Lube can fill a myriad of needs—whether that's keeping the engine revving a little longer during a marathon sex-binge, making things a little bit more slippery, or introducing you to some new kinds of fun. Bottom line, lube is pretty fantastic. If you haven't yet stocked up on a bottle but are in the market, here are some things you might want to know.
You are not broken if you use lube (and neither is your partner)
It drives me crazy that some women really feel that way. I don't get it! Using lube doesn't mean that you're not functioning. If anything, using lube makes you a connoisseur of sex and the ambassador of your own pleasure! So if anyone tells you that something is wrong with you or your body because you love lube, then they - not you - have some other issues going on.
Don't use oil-based lubes with condoms
Want to use baby oil or petroleum jelly? In the Guide to Getting It On, author Paul Joannides, PsyD, instructs readers to Not. Do. That. With. Condoms. It can deteriorate the latex in a condom and cause it to break. Not good. So if condoms are your only form of birth control, think wisely.
Don't use silicone lubes with silicone sex toys
They can cause your silicone toy to break down. That said, silicone lubes are great for water play, as water-based lubes obviously wouldn't work with that.
But silicone works with condoms
Silicone-based lubes last longer than water-based lubes (which work with both condoms and sex toys). Water-based lubes seem to a popular type of lube, but they also have a tendency to dry out more quickly, so you might need to reapply it during your sex-a-thon.
Popular forms of lubes could cause infections
If you are prone to yeast infections or any other non-fun infections down there, pay heed: A 2013 study published in Obstetrics & Gynecology revealed that women who used products that aren't really supposed to go in their lady parts (like some oils or Vaseline) had higher rates of yeast and various bacterial infections, most probably because these products messed with their pH.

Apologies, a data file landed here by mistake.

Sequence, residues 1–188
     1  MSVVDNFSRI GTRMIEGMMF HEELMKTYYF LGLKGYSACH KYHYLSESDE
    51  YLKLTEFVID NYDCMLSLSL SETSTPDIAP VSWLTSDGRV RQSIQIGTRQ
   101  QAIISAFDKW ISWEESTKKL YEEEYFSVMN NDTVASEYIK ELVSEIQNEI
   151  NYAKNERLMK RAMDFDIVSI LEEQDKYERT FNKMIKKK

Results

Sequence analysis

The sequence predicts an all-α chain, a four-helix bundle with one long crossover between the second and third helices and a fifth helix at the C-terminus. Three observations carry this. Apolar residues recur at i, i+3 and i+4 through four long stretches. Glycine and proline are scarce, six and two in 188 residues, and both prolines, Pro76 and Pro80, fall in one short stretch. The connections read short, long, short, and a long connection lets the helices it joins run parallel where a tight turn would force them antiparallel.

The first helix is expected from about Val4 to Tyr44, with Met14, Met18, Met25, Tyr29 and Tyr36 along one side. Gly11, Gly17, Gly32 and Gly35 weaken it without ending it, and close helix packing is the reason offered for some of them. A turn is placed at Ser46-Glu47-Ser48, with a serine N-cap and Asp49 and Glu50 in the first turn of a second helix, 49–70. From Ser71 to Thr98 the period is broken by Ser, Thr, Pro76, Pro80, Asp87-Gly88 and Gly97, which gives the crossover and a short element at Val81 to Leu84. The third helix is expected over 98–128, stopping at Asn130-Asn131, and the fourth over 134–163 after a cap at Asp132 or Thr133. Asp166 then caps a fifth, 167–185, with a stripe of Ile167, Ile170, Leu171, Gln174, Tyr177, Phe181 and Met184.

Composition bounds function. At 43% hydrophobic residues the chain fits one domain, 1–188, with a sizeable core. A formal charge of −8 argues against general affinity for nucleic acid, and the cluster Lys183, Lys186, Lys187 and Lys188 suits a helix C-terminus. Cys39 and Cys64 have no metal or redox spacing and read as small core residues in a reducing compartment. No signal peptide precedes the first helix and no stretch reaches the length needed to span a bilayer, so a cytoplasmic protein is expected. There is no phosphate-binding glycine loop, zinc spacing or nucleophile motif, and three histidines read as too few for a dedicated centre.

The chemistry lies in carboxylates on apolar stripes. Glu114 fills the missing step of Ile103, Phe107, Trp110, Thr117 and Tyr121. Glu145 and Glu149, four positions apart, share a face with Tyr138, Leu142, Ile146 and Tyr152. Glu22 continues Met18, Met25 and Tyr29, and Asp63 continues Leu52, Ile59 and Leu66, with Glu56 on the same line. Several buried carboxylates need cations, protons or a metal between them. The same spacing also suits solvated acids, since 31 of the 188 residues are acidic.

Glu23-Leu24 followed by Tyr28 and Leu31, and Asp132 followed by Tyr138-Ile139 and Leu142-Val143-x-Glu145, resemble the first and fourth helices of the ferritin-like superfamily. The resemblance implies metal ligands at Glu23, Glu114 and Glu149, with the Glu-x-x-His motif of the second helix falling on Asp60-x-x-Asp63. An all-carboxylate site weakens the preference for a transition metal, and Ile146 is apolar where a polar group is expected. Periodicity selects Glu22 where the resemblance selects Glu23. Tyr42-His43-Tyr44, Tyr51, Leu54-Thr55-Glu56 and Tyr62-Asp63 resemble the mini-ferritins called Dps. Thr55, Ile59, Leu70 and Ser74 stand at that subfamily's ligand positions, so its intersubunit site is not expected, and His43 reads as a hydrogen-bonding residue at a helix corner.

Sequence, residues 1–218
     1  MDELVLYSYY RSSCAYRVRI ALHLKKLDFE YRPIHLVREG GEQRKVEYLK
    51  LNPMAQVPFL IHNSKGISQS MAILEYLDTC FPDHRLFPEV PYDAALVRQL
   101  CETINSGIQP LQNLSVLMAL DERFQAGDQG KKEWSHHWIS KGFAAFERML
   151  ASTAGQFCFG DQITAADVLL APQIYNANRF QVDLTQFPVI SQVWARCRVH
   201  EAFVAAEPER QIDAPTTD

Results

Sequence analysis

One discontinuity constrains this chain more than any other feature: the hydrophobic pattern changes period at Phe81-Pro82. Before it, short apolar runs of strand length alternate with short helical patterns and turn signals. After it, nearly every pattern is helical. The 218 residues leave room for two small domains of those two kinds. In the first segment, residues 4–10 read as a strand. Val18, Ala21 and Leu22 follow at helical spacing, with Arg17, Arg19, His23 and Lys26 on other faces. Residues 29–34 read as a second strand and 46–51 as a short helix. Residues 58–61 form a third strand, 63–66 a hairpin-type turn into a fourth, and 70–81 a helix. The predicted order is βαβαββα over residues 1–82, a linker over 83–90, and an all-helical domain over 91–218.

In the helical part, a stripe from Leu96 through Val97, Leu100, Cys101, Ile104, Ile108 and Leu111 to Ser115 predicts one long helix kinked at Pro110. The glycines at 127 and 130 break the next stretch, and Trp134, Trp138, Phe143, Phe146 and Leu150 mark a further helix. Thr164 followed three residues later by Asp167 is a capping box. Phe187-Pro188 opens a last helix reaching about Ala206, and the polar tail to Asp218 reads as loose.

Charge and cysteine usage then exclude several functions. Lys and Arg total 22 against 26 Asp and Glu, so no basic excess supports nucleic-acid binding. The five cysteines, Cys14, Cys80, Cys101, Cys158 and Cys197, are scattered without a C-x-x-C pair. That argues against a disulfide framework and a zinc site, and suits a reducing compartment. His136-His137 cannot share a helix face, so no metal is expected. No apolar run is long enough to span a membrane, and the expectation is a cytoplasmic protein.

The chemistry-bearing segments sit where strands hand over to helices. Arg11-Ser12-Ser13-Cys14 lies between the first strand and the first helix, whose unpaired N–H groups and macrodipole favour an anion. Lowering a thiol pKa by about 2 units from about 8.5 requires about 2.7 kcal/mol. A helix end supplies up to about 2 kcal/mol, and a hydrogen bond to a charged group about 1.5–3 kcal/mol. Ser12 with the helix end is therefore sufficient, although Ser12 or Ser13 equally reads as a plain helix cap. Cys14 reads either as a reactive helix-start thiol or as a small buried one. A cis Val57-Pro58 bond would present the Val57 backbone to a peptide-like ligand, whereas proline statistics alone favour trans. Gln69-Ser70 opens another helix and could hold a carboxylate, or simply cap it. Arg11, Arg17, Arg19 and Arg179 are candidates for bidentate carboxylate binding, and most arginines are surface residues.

Oh, you might want to stay away from glycerin, too, which is found in a handful of popular ingredients, including many water-based lubricants — because nothing can put the brakes on your sex life like a nasty yeast infection or a case of bacterial vaginosis, a smelly infection, and Dr. Mary Marnach of Mayo Clinic in Rochester, Minnesota, told Reuters glycerin can lead to both. So if you want to use a slippery friend during sexy time while using condoms, read the ingredients.
Oh! And fun fact from The Guide to Getting It On: Glycerin is also an ingredient in laxatives, which means lubes with that ingredient may not bode well with anal sex.
When all else fails ... just spit
Spit is relatively cheap (free), organic, and always ready at a moment's notice. However, spit will dry out quicker, so it's not the best option if you're looking for a longer, uninterrupted frolic.
There's no catch-all for what lube works for you
Of course, when it comes to your body and your orgasm, research (and trial and error) is key, but remember: Everyone's experience is unique. One woman may be into Uberlube, but maybe you'll prefer Astroglide. All you can do is try and see what puts you on the fast track to crazy pleasure.
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